Hydro Pools: A Versatile and Compact Hydrotherapy

Hydro Pools: A Versatile and Compact Hydrotherapy

For many people, a swimming pool is simply a place to get some exercise, play around in the water, and have fun. A hot tub can be the perfect spot to warm up and receive a hot water massage while releasing stress and tension for those searching for something a little more relaxing.

Notwithstanding, a third alternative combines these two types of aquatic leisure while also giving something much more therapeutic. With a hydrotherapy swimming pool, aka swim spa, you don’t have to give up exercise or relaxation. Plus, you’ll also have access to the extra benefit of hydrotherapy. 

If you’re wondering what a hydrotherapy swimming pool is and how it is superior to a standard swimming pool or a hot tub, then this article is exclusively a treat for you!

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What is hydrotherapy?

Hydrotherapy is an exercise therapy in a hydro (warm) pool. It has numerous advantages and targets and treats a wide range of ailments. 

Hydrotherapy can be used as part of a pain treatment or injury recovery program or a regular exercise regimen to improve overall fitness and health.

Hydrotherapy uses some of the inherent qualities of water to allow workouts to be performed with less impact and greater safety, all while increasing blood flow and circulation. 

What is a hydrotherapy pool?

Hydrotherapy pools are special pools heated to roughly 33 to 36 degrees Celsius, warmer than a swimming pool. They also contain built-in massaging jets and water features that are meant to help you relax. 

It’s no surprise that hydrotherapy pools are among the most popular thermal facilities available at many fabulous spas. They’re warm, calming, and invigorating.

HOW IS HYDROTHERAPY POOL DIFFERENT FROM OTHER POOLS?

Hydrotherapy pools are different from ordinary swimming pools in many ways. 

 Primarily, a hydrotherapy pool’s objective is to provide a rehabilitative environment that will aid in the restoration of health and the healing of injuries. Exercising in the water is also good since it helps support a person’s weight.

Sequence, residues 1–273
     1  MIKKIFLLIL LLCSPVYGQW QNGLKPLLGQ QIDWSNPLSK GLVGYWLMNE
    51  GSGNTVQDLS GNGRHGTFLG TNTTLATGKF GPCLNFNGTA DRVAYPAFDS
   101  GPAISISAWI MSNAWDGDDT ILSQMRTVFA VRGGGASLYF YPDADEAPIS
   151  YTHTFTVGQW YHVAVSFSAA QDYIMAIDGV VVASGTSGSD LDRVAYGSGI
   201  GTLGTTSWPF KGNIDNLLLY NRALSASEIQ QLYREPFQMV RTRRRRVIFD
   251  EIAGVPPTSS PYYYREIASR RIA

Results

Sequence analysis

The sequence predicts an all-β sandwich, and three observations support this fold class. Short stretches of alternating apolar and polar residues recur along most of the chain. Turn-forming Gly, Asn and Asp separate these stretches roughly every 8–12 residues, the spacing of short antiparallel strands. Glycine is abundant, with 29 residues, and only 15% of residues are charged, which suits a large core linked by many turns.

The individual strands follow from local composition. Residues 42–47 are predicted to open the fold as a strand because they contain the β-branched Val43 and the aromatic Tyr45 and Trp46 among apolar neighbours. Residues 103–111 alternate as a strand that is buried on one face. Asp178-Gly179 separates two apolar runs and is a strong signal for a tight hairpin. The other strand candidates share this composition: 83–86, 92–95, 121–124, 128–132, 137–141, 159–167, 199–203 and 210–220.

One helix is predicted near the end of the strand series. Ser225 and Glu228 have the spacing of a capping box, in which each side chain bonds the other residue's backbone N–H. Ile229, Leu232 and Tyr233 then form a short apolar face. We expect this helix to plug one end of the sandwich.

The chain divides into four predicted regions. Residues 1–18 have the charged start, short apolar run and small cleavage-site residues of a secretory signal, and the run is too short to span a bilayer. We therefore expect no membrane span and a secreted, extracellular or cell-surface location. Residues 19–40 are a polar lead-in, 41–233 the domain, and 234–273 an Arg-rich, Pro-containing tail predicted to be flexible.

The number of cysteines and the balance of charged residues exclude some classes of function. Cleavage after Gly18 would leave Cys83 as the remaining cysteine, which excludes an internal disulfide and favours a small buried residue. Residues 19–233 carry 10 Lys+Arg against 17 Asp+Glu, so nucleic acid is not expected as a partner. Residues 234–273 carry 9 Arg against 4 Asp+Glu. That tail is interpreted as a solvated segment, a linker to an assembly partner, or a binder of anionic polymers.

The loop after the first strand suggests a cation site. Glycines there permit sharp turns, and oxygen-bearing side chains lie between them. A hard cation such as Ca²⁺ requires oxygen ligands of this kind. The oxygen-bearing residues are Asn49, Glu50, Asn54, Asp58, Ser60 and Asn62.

Because of the temperature, you’d be able to tell the change as soon as you enter a room with a hydrotherapy pool. The water temperature in a hydrotherapy pool is normally around 33–36°C, much warmer than a standard swimming pool (which is usually no hotter than 28°C). The hotter the water, the more humid the room will be.

Hydrotherapy pools in public places are designed for those with limited mobility. Both assisted and independent access is available at the pools.

Hydrotherapy has continued to gain popularity because of its numerous physical and psychological benefits. 

Benefits of hydrotherapy

Reduces Joint Impact and Body Pain.

Water’s buoyancy decreases weight-bearing stress on the body, allows for unrestricted movement, and enhances the range of motion for your joints.

Warm water combined with hydrostatic pressure (the resistance we experience when submerged in water) stimulates circulation and reduces swelling in the body.

The greater temperature also causes muscles to relax, which helps relieve muscle spasms and intense pain areas of the body.

Enhances fitness and balance.

The density of water increases resistance on the body when doing a workout. Muscles can be strengthened, toned, and reeducated in the milieu of a hydrotherapy pool.

It’s a fantastic alternative to lifting weights on land. Turbulence in the water also causes your core muscles to work harder to maintain balance and stability, improving your posture over time.

Exercises Tailored to Your Specific Needs.

Public hydrotherapy pools provide a range of classes, freestyle, and private sessions to meet different needs so that you won’t feel out of your depth.

Everyone has the freedom to move at their speed. Remember that the faster you go in the water, the more resistance you’ll encounter and the more your muscles will have to work.